Cardinal Roger Etchegaray, a longtime Vatican official and papal envoy who was sent to some of the world’s most wounded and challenging places, died Sept. 4 in France. He was 96.
The French cardinal also played key roles in ecumenical relations, including with the late Orthodox Patriarch Alexy II of Moscow, and in interreligious dialogue. He was a key organizer of the first Day of Prayer for Peace in Assisi in 1986, which brought 160 religious leaders together at a time of increasing world tensions and fears of nuclear war.
It was his efforts spanning two decades as an able negotiator for St. John Paul II that stood out the most: being sent to the Middle East to seek peace, meeting Iraqi leader Saddam Hussein in the hopes of avoiding war in 2003, visiting communist Cuba to meet Fidel Castro, witnessing the aftermath of the genocide in Rwanda and encouraging Lebanon to rebuild after 16 years of civil war.
Pope Francis, who was visiting Mozambique Sept. 4, expressed his sorrow after hearing the news of the cardinal’s death.
The cardinal “profoundly influenced the journey” of the universal Church and the Church in France, the pope said in a telegram of condolences released by the Vatican Sept. 5.
“I have fond memories of this man of deep faith” who was greatly esteemed and listened to as an adviser, “especially with delicate situations for the life of the Church in different parts of the world,” the pope wrote.
Born in Espelette, France, he studied in Rome before and after his ordination to the priesthood in 1947. He served in the Diocese of Bayonne, France, as secretary to the bishop, director of diocesan charitable agency and head of Catholic Action.
He attended the Second Vatican Council as an expert with the French bishops’ conference. After the council ended, Pope Paul VI encouraged the cardinal to organize a way Europe’s bishops could collaborate. His effort built the beginnings of what would become the Council of European Bishops’ Conferences, and he was its first president, 1971-1979. Cardinal Etchegaray served as president of the French bishops’ conference from 1975 until 1981.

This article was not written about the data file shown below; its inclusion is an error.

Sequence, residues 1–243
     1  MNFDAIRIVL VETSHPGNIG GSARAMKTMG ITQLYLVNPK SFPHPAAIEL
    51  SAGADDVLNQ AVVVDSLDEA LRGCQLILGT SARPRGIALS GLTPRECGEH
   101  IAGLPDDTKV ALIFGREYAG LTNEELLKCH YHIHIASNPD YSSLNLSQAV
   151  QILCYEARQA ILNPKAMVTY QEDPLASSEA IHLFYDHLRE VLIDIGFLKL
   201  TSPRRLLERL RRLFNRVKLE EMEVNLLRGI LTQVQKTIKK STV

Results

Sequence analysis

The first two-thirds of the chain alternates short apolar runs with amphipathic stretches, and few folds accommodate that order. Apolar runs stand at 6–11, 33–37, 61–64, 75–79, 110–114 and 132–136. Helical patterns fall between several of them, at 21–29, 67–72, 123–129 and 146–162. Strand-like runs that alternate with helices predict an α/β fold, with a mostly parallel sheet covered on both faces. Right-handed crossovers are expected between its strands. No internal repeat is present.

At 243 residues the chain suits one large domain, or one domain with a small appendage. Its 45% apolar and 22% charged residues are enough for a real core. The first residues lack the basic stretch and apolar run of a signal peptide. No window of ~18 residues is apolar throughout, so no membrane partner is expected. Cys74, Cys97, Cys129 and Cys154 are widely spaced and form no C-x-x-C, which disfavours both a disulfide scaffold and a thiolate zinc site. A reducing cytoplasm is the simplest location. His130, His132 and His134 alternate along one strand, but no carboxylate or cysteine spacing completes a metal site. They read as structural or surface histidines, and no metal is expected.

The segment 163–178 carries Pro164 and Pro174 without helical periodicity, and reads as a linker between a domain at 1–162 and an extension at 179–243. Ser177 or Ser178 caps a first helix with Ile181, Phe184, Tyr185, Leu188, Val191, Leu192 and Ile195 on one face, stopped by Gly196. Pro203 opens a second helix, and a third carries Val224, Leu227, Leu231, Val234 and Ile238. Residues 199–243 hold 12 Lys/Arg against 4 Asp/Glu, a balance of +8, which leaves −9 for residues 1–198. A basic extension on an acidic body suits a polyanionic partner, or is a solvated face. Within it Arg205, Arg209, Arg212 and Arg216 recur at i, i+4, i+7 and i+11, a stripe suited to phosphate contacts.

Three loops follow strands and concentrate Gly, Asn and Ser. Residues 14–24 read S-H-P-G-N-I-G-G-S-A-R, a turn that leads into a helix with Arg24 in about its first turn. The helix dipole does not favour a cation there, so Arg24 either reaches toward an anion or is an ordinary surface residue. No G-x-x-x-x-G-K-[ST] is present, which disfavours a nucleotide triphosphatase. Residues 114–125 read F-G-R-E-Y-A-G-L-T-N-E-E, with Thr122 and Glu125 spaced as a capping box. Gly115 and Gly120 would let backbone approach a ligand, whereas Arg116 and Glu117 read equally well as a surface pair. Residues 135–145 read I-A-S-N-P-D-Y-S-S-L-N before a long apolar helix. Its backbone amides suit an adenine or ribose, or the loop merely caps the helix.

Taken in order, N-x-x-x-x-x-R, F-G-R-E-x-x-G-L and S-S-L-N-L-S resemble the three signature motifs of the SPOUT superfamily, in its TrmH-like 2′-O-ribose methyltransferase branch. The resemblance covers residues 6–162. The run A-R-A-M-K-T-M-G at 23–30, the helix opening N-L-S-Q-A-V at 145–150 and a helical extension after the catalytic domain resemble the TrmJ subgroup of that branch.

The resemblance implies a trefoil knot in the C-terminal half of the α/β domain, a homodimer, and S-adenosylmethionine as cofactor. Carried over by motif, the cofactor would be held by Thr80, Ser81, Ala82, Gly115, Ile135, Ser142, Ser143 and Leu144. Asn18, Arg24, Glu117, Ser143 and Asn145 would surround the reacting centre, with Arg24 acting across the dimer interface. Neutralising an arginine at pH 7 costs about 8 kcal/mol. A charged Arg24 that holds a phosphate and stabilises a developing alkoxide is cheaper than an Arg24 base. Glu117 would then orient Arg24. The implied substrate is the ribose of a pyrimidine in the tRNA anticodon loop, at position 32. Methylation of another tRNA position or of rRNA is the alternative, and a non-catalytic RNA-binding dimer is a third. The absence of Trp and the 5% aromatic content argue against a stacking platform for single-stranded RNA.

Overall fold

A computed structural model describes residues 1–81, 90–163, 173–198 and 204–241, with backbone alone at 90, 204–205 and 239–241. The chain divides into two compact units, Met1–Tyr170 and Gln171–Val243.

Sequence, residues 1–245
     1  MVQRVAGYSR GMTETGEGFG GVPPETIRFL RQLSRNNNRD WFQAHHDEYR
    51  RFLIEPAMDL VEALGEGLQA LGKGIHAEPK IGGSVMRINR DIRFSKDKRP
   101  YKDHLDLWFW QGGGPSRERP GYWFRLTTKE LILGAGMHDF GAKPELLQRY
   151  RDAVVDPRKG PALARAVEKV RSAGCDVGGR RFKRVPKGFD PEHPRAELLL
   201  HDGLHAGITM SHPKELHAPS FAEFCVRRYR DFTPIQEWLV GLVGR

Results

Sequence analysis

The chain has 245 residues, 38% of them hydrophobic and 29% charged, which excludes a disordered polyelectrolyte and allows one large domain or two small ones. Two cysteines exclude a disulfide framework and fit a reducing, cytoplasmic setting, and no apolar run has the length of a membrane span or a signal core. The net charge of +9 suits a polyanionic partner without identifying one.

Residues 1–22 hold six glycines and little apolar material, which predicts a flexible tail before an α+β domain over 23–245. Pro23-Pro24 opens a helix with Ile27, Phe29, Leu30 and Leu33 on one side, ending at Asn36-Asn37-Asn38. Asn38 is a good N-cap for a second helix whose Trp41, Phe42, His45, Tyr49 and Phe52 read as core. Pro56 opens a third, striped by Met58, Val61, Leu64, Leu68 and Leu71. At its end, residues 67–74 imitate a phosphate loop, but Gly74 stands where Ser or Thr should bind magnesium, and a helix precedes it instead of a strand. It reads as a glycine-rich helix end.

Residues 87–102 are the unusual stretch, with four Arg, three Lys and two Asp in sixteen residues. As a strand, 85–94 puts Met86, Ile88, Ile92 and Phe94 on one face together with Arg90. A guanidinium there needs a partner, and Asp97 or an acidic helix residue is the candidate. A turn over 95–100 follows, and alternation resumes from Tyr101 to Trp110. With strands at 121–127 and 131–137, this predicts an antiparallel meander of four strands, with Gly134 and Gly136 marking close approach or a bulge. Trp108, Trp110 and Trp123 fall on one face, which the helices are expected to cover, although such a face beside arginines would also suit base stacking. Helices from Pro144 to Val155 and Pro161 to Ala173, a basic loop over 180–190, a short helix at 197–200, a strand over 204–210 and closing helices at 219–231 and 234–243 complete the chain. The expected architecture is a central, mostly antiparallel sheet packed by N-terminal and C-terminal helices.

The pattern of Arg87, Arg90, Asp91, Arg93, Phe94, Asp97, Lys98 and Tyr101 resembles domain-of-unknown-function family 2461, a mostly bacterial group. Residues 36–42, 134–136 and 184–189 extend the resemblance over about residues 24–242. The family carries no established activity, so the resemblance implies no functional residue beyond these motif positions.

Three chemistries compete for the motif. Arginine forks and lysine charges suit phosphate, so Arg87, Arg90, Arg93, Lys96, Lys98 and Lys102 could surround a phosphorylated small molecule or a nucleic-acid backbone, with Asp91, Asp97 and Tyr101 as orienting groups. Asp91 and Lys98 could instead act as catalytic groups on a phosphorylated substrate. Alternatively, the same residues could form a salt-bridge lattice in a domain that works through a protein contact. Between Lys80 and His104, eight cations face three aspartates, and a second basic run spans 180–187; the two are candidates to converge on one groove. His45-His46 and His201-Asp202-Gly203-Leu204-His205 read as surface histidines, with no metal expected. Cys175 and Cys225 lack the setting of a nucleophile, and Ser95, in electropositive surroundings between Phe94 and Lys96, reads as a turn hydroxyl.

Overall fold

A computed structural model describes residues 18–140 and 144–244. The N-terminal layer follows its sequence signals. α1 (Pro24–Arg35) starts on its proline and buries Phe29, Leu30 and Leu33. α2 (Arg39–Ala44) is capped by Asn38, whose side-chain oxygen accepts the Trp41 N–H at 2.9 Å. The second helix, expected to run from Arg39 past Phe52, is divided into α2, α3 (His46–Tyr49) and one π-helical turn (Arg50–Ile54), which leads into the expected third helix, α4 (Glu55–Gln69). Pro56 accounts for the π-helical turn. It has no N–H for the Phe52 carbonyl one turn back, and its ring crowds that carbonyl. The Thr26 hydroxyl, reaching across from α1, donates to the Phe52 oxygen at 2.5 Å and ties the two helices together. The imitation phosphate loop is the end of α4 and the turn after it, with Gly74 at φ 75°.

St. Paul VI appointed him auxiliary bishop of Paris in 1969 and, less than two years later, archbishop of Marseille.
After making him a cardinal in his first consistory as pope in 1979, St. John Paul II asked the cardinal to come to Rome in 1984 to head the then-Pontifical Commission for Justice and Peace and the Pontifical Council “Cor Unum,” the Vatican’s aid-coordinating agency.
The pope sent him to Rwanda soon after the 1994 genocide left 800,000 people dead when Hutu extremists murdered ethnic Tutsis and moderate Hutus.
An eyewitness to the results of the violence, the cardinal called the massacres “without a doubt one of the most tragic” events in modern history. He returned often in the following years.
The cardinal celebrated Christmas midnight Mass in Havana in 1988 and met with Castro for talks. He also was the first cardinal to visit communist China.
On a papal mission to Lebanon in 1985 and in 1991, he said he was overwhelmed by the destruction civil war had brought there. He relayed the pope’s desire the nation be an example to the world of peaceful cultural and religious coexistence.
Seen as “the pope’s messenger,” the cardinal went to Jerusalem in 2002 to seek an end to an Israeli-Palestinian standoff at Bethlehem’s Church of the Nativity, one of many such visits to the Holy Land on behalf of St. John Paul.
Cardinal Etchegaray went to Iraq the month before the U.S.-led invasion in 2003. Meeting with Hussein for an hour and a half, the cardinal gave the leader a personal letter from St. John Paul II, who, the cardinal said, wanted to do everything possible to help prevent a war.
In 2005, Pope Benedict XVI approved the cardinal’s election as vice dean of the College of Cardinals, a role he held until 2017.—CNS